Is there really a Left Brian/Right Brian divide?

Posted on December 5, 2013

You are hardly alone if you believe that humanity is divided into two great camps: the left-brain and the right-brain thinkers — those who are logical and analytical vs. those who are intuitive and creative. For years, an industry of books, tests and videos has flourished on this concept. It seems to be natural law.

Except it isn’t.

Scientists have long known that the popular left brain/right brain story doesn’t hold water. Here’s why. First, the sweeping characterizations of the two halves of the brain miss the mark: one is not logical and the other intuitive, one analytical and the other creative. The left and right halves of the brain do function in some different ways, but these differences are more subtle than is popularly believed. (For example, the left side processes small details of things you see, the right processes the overall shape.) Second, the halves of the brain don’t work in isolation; rather, they always work together as a system. Your head is not an arena for some never-ending competition, the brain’s “strong” side tussling with its “weak.” Finally, people don’t preferentially use one side or the other.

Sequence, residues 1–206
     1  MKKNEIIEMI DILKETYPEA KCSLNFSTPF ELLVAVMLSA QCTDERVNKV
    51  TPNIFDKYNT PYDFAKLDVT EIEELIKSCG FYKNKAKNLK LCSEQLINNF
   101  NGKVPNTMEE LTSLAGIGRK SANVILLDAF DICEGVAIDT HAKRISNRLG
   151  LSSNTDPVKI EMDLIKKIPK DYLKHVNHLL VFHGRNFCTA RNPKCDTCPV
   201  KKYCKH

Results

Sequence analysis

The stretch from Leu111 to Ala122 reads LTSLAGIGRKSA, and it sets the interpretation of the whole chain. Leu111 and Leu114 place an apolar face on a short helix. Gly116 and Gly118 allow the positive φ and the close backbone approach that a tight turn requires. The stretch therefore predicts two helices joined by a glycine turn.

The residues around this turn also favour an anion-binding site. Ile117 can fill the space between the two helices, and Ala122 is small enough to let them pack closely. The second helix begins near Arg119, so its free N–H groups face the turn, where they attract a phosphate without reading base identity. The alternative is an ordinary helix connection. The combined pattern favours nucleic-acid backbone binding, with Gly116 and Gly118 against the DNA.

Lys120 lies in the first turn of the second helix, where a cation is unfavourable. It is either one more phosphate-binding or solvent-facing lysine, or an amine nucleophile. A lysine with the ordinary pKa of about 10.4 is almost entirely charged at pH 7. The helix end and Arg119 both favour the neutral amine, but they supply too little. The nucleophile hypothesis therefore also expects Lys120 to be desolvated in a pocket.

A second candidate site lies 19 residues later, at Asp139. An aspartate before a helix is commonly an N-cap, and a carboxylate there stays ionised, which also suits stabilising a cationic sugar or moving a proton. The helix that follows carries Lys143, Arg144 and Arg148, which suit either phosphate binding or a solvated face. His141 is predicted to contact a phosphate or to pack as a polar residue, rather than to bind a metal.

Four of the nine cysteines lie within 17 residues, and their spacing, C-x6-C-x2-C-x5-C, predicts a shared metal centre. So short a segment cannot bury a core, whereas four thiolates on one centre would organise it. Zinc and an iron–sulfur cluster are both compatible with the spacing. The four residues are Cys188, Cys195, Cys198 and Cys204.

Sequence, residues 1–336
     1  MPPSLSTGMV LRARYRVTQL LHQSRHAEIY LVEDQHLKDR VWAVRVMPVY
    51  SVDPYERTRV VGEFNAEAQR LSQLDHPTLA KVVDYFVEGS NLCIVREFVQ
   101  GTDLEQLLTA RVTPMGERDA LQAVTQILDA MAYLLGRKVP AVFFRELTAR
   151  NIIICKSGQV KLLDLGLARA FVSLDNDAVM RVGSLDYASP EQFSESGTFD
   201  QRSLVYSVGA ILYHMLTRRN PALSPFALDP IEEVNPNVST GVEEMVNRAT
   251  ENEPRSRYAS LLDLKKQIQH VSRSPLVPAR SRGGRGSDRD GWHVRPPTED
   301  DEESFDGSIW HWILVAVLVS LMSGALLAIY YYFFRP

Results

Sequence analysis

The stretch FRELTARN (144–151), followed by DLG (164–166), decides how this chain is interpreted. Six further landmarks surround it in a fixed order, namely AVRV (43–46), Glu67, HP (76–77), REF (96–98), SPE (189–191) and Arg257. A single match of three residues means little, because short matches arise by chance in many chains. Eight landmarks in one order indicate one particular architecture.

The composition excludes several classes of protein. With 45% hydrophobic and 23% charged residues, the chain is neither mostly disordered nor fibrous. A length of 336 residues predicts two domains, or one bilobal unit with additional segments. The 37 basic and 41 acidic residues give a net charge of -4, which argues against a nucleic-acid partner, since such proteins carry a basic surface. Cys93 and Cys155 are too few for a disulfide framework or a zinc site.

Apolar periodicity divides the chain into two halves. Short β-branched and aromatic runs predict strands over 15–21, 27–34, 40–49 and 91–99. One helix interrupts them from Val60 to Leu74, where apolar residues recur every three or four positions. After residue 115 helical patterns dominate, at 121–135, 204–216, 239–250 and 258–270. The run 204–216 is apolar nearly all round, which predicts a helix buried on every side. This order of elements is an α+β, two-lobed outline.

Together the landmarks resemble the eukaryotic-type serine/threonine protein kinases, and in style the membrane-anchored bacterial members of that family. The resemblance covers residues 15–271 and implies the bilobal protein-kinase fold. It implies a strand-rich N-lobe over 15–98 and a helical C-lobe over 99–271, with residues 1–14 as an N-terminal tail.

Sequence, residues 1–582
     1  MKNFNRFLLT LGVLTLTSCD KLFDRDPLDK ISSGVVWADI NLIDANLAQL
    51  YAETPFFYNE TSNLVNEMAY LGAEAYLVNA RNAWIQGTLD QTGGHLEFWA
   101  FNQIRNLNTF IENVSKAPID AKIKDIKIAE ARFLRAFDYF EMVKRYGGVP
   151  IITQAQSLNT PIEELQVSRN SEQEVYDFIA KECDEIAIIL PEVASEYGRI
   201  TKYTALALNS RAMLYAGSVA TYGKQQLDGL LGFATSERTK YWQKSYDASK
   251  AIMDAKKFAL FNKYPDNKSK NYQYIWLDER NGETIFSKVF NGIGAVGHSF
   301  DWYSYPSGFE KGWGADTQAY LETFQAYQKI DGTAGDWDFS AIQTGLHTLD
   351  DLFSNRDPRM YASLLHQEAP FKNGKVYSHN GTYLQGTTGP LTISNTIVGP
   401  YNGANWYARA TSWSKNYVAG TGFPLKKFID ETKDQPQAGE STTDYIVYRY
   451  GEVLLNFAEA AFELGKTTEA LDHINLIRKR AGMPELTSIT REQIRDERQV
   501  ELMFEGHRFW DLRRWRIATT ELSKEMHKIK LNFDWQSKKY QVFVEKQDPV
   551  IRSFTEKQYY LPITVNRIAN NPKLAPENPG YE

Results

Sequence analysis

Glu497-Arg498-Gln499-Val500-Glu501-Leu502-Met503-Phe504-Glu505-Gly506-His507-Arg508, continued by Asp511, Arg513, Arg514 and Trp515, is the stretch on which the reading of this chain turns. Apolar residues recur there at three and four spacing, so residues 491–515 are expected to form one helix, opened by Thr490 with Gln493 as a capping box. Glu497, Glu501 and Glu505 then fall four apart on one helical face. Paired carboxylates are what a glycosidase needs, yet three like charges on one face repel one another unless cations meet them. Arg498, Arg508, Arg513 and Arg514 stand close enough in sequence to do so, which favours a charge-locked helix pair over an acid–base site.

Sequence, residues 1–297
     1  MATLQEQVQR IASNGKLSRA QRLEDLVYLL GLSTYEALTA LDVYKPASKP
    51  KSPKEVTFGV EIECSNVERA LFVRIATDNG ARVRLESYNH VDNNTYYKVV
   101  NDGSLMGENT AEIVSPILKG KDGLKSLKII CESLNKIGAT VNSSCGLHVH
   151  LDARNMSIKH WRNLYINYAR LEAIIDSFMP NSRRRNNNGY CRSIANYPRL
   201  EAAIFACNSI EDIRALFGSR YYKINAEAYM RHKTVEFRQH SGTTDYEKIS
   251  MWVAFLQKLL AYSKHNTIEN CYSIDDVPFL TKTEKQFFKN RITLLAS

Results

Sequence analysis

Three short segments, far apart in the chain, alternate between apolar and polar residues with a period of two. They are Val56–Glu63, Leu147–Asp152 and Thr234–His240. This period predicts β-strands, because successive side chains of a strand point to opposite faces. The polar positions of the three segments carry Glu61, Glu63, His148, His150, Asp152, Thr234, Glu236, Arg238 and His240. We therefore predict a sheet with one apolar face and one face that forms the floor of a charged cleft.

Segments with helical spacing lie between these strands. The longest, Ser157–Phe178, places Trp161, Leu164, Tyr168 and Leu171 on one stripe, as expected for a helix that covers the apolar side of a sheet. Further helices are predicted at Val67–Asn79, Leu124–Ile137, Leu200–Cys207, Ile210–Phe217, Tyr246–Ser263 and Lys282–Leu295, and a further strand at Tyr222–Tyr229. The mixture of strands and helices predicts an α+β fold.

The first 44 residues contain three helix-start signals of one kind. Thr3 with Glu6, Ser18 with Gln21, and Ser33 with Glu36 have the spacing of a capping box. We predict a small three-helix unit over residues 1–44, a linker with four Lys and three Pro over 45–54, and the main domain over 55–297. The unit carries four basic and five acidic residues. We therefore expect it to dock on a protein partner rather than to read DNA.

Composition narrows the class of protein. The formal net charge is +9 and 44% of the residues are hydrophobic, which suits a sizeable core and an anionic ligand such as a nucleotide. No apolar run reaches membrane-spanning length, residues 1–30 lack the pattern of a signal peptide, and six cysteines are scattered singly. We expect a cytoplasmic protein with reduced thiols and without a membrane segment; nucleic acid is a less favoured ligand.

We all use both parts of the brain but differ in how deeply we use each part. The key is the way the parts interact, not each part by itself. Depending on the extent to which a person uses the top and bottom parts, four possible cognitive modes emerge. These modes reflect the amount that a person likes to devise complex and detailed plans and likes to understand events in depth. (You can determine your own dominant mode with this test.)

Source material from Time

Mental Health News